The online presentation was made possible by the support of the Texaco Foundation.

Rights and Access

The Library of Congress is not aware of any U.S. copyright protection (see Title 17, U.S.C.) or any other restrictions in the material in this collection, except as noted below. Users should keep in mind that the Library of Congress is providing access to these materials strictly for educational and research purposes. The written permission of the copyright owners and/or other holders of rights (such as publicity and/or privacy rights) is required for distribution, reproduction, or other use of protected items beyond that allowed by fair use or other statutory exemptions. Responsibility for making an independent legal assessment of an item and securing any necessary permissions ultimately rests with persons desiring to use the item. See our Legal Notices and Privacy and Publicity Rights for additional information and restrictions.

The American Folklife Center and the professional fieldworkers who carry out these projects feel a strong ethical responsibility to the people they have visited and who have consented to have their lives documented for the historical record. The Center asks that researchers approach the materials in this collection with respect for the culture and sensibilities of the people whose lives, ideas, and creativity are documented here. Researchers are also reminded that privacy and publicity rights may pertain to certain uses of this material.

The Library of Congress has carefully researched these materials to ascertain possible legal rights embodied in the materials it contains. For the most part, the performers have been identified in this collection. In the case of the pow-wow recordings there are some stray voices which are audible but not identifiable. As is often the case with materials collected in the course of ethnographic field research, however, it is difficult or impossible to sufficiently identify specific songs sung by participants which precludes performing a comprehensive assessment of the copyright status of underlying musical rights in lyrics or compositions. The identification of specific speakers or singers included in sound recordings is also often difficult or sometimes impossible. The songs in this collection were created in traditional genres by anonymous authors and are part of the oral tradition.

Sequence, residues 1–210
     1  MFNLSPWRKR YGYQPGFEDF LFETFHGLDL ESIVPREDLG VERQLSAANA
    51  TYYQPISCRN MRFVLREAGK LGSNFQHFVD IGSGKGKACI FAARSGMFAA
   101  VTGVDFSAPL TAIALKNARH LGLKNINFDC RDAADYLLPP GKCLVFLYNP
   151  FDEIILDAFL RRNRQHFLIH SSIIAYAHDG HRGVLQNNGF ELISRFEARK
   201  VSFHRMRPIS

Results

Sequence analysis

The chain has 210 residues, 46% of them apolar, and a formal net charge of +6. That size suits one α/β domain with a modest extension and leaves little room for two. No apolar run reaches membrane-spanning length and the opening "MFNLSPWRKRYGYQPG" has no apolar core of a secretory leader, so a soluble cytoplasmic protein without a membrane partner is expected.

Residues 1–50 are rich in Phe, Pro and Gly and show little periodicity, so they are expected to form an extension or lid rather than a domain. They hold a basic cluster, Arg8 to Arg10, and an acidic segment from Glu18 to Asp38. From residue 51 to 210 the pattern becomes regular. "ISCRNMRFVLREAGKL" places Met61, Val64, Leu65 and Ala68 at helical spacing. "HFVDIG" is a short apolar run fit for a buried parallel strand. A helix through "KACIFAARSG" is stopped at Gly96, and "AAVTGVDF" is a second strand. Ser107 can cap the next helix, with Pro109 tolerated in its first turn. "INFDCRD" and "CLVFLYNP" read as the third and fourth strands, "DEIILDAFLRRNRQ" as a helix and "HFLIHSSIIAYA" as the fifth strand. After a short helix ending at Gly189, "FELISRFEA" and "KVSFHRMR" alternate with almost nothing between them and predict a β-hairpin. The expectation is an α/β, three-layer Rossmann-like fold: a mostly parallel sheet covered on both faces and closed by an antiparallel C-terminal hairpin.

Researchers or others who would like to make further use of these collection materials should contact the Folklife Reading Room for assistance.

Credit line

Please cite the source collection title, collection number, and repository, for example:

Alice C. Fletcher and Francis La Flesche collection of Omaha cylinder recordings (AFC 1948/123)

Omaha Indian interviews collection, 1983 (AFC 1983/026)

1985 Neptune Plaza Concert Series collection (AFC 1985/015)

Omaha Powwow Project collection (AFC 1986/038)

Omaha Indian interviews collection, 1999 (AFC 1999/014)

More about Copyright and other Restrictions

For guidance about compiling full citations consult Citing Primary Sources.